This book, Those Who Continue to Smoke: Is
Achieving Abstinence Harder and Do We Need to Change Our Interventions?, raise important questions about what it will take to build on the successes of the last century and, in particular, on the last few decades of research and practice. While efforts to promote tobacco cessation need to be part of a much broader national tobacco control strategy that emphasizes prevention,
it is clear that the greatest gains in reducing tobacco-caused morbidity, mortality, and health care costs in the next 30 to 40 years will come from helping addicted smokers quit (Orleans 1997). Further declines in adult smoking are likely to strengthen prevention efforts as well, since adult smoking is a critical determinant of social norms and a vector for youth initiation.
In this context, the findings presented in this book have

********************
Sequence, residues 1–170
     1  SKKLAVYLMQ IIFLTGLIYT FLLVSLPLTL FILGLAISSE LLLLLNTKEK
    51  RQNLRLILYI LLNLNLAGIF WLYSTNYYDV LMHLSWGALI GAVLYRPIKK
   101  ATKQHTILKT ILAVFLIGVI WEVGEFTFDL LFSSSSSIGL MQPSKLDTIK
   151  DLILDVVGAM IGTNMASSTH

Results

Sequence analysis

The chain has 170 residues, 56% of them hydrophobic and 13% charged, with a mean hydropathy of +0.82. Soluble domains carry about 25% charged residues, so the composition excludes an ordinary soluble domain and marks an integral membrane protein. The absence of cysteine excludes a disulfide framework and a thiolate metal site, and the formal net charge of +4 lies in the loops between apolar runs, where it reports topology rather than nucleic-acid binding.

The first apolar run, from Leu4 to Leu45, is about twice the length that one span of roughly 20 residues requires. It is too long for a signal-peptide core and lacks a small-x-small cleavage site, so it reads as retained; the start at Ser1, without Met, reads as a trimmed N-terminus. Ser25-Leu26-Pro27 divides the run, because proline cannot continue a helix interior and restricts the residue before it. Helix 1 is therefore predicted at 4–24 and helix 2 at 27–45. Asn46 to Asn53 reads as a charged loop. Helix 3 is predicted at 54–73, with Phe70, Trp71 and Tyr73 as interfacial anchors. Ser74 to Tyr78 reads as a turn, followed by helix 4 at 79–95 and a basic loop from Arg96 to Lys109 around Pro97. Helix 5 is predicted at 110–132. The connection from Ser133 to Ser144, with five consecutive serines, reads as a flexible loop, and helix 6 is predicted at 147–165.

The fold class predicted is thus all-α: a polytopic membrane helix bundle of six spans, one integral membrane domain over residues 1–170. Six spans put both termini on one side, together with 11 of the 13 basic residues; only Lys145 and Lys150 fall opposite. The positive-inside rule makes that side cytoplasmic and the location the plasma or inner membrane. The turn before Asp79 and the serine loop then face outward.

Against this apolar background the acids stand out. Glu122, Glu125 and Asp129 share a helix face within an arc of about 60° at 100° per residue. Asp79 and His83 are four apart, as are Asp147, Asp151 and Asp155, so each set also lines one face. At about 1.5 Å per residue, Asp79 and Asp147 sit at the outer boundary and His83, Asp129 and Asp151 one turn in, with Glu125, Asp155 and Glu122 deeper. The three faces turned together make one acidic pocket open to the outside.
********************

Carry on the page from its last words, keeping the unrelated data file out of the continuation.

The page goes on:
important implications for the next generation of research and practice to help addicted smokers quit. Specifically, these papers and the findings they present indicate that helping more smokers quit will require: (1) developing more powerful treatments that can break through the 25% to 30% quit-rate ceiling achieved with our best existing treatments; (2) refining, targeting and tailoring treatments for high-risk populations; (3) greatly improving surveillance of quitting patterns and determinants; (4) developing combined clinical-public health approaches that harness synergies between evidence based clinical treatments, and macrolevel policy and environmental cessation strategies; and (5) improving the use of and demand for treatments that work.
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